New York State Department of Health

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New York State Department of Health
Department overview
FormedFebruary 19, 1901 (1901-02-19)
JurisdictionNew York
HeadquartersAlbany, NY
Department executive
  • Howard A. Zucker, Commissioner
Key document
Websitewww.health.ny.gov Edit this at Wikidata

The New York State Department of Health (NYSDOH) is the department of the New York state government responsible for public health.[1][2] It is headed by Health Commissioner Howard A. Zucker, M.D., J.D., who was appointed by Governor Andrew M. Cuomo and confirmed by the State Senate on May 5, 2015.[3] Its regulations are compiled in title 10 of the New York Codes, Rules and Regulations.

Public health infrastructure[edit]

The CDC describes the public health infrastructure as three components: organizational capacity, the consortium of public health agencies and laboratories, working side-by-side with private partners, to provide the essential services; workforce capacity and competency, the expertise of health professionals; and information and data systems, the up-to-date guidelines, recommendations and health alerts, and the information and systems that monitor disease and enable efficient communication.[4]

A nurse pinning ceremony at Nazareth College. Nurses represent a majority of rural public health workers.

New York relies on a county-based system for delivery of public health services.[5] NYSDOH promotes the prevention and disease control, environmental health, healthy lifestyles, and emergency preparedness and response; supervises local health boards; oversees reporting and vital records; conducts surveillance of hospitals; does research at the Wadsworth Center; and administers several other health insurance programs and institutions.[5] 58 local health departments offer core services including assessing community health, disease control and prevention, family health, and health education; 37 localities provide environmental health services, while the other 21 rely on NYSDOH.[5]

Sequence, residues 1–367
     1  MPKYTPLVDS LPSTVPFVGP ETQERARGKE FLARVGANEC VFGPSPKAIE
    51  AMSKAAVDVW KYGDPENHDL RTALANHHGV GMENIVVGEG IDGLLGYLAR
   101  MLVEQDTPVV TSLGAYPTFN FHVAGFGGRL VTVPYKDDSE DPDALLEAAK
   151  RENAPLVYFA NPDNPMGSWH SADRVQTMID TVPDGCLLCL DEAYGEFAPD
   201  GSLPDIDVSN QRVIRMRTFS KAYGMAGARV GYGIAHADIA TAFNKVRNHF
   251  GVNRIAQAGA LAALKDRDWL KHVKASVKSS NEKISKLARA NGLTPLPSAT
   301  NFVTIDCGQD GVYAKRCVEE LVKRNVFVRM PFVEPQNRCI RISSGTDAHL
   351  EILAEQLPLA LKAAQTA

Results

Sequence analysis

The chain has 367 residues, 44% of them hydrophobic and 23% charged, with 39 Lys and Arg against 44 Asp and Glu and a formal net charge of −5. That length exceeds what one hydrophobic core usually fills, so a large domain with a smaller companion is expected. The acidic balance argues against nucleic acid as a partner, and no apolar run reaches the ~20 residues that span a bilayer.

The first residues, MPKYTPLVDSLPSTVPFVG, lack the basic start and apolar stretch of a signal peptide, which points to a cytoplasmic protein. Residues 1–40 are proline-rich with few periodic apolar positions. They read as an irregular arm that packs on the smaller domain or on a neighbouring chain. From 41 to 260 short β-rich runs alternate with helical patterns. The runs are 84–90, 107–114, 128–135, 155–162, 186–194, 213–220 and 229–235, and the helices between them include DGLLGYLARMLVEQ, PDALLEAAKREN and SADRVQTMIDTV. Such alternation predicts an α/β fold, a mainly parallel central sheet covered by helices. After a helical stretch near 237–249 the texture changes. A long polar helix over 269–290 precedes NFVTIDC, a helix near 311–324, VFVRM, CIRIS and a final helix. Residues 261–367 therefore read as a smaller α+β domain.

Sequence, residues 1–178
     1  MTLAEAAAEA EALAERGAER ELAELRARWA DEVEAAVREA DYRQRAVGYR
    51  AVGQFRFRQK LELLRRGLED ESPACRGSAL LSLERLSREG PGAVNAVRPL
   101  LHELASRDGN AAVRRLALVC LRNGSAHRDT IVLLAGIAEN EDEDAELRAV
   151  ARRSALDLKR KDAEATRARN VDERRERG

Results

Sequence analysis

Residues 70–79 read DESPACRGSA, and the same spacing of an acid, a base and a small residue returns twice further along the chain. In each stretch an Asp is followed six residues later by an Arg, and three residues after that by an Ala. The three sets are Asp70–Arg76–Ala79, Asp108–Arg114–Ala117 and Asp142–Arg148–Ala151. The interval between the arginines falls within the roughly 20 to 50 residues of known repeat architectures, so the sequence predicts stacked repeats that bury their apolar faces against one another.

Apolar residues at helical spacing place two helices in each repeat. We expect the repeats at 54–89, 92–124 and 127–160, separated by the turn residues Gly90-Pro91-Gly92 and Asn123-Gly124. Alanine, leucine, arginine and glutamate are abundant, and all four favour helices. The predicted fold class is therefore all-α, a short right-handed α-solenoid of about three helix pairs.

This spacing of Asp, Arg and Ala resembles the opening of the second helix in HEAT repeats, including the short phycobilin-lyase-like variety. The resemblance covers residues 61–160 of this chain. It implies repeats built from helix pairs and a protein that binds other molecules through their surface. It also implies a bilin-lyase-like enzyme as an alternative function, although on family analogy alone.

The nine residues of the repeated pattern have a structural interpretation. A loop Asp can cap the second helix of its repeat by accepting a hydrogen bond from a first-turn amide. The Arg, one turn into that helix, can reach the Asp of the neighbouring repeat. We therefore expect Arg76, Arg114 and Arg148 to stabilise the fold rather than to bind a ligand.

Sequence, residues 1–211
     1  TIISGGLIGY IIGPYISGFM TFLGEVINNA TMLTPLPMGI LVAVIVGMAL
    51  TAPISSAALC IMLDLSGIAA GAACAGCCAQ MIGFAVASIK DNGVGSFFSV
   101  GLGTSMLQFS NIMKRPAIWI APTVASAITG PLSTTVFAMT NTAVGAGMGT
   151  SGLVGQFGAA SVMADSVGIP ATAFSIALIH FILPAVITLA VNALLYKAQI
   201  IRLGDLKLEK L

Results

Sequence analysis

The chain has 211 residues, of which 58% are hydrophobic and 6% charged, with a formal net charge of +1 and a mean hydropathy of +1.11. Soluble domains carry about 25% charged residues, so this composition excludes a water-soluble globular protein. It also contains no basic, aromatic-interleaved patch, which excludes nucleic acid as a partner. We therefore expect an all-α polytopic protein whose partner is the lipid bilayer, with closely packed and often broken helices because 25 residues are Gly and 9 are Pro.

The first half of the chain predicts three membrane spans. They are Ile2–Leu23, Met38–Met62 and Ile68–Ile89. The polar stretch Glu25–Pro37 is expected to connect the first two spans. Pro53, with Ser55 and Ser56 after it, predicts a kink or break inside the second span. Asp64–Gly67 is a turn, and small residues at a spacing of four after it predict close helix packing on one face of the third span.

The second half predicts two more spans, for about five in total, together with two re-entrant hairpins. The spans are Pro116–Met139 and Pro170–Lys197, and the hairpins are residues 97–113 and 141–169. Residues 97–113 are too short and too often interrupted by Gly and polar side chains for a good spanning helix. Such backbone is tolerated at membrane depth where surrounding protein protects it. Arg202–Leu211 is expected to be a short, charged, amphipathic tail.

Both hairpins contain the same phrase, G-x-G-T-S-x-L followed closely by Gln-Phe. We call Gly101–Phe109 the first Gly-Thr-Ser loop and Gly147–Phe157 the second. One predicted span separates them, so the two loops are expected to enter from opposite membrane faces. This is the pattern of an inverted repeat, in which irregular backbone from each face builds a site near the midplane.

At the local level, public health workers are found not only in local health agencies but also in private and nonprofit organizations concerned with the public's health.[4] The most common professional disciplines are physicians, nurses, environmental specialists, laboratorians, health educators, disease investigators, outreach workers, and managers, but also includes allied health professions: dentists, social workers, nutritionists, anthropologists, psychologists, economists, political scientists, engineers, information technology specialists, public health informaticians, epidemiologists, biostatisticians, and lawyers.[4] Nurses represented 22% of the localities' workforce (and 42% of full-time equivalent workers in rural localities), scientific/investigative staff represented 22%–27% of the workforce, support staff represented 28%, education/outreach staff represented 10%, and physicians represented 1%.[5] In 2018 the NYSDOH had over 3300 personnel in its central office, three regional offices, three field offices and nine district health offices, and an additional 1400 personnel in its five healthcare institutions.[6]

History[edit]

An engraving depicting a violent mob attacking a closed gate, and above the gate a sign says "Quarantine Marine Hospital".
The 1858 Staten Island Quarantine War was a series of attacks on the New York Marine Hospital in Staten Island